What is Depression?

Depression is more than feeling a little bit down; Depression involves changes to your emotions, thoughts, behaviour and physical changes.  Signs of depression include feeling sad, irritable, numb or empty, losing pleasure and interest in activities and withdrawing from friends or family.  During a depressive episode, people often experience difficulty functioning in personal, family, or work settings.

Other symptoms of depression can include:

  • Difficulty concentrating;
  • Feeling irritable, agitated, frustrated or fatigued;
  • Changes in sleeping patterns, difficulty sleeping or sleeping too much;
  • Changes in weight;
  • Having negative thoughts and feelings;
  • Worrying or feeling hopeless about the future;
  • Thinking of suicide.

If you or a loved one are struggling with depression, there are many useful resources available, try https://www.beyondblue.org.au/  or https://headspace.org.au/assets.

Most people with depression are treated with antidepressants such as selective serotonin reuptake inhibitors (SSRIs) or tricyclic antidepressants (TCA’s).  Psychological treatments such as cognitive behavioural therapy, counselling or psychotherapy may also be used.   However, as many as 30% of people are only partially responsive or non-responsive to these treatments (Armour et al., 2019).  Because of this, many people try complementary medicine such as acupuncture to help them reduce symptoms of depression (Armour et al., 2019).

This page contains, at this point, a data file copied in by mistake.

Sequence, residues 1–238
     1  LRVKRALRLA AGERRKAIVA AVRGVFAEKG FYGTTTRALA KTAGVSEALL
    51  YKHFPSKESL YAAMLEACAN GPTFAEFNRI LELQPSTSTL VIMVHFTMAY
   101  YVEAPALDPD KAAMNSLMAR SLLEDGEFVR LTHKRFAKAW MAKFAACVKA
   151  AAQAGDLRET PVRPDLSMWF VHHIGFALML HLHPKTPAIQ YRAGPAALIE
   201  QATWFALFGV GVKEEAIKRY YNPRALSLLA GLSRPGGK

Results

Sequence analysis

How can Chinese Medicine treat depression?

Chinese Medicine (CM) has a long history of treating the mind and body as a whole.  Acupuncture and Chinese Herbal Formulas have historically been used, together or alone, to treat depression.

In CM depression is seen to result from a deficiency of Qi; caused by depletion of the body over time.  This depletion could be due to physical factors such as overwork, irregular or poor diet, physical pain or chronic illness.  For instance, childbirth can deplete the body and without enough rest or practical support, women are at risk of post-partum depression.  Thyroid or other hormonal imbalances are another common cause of depletion over time which often lead to depression.

Depletion can also be caused by psychological or emotional factors, worry, grief and long-term stress can exhaust the Qi.   Strong emotions are seen to have an effect on the internal organs, and can also be affected by the internal organs.  For example, grief is associated with the lungs and can damage the lungs as an organ over time.

 

Any condition which has not been resolved can lead to depression.   Chinese Medicine treatment for depression depends on diagnosing and treating the root cause of the problem.

Depression can be divided into excess or deficiency patterns.  An excess pattern may result in feeling moody, tense, agitated and short-tempered.  A person with a deficient pattern may suffer more anxiety, timidity and sleep problems.  A Chinese Medicine Practitioner will determine which pattern a person has and which organs of the body are affected.  The Heart, Spleen, Kidney and Heart can all become depleted which leads to a lack of willpower, drive, enthusiasm and physical and mental faculties.  The Liver and Gallbladder can be affected which will lead to depression which is worse in the morning.  Treatment is tailored to the individual and aims to restore the smooth flow of Qi to all the organs.

Evidence for Acupuncture for Depression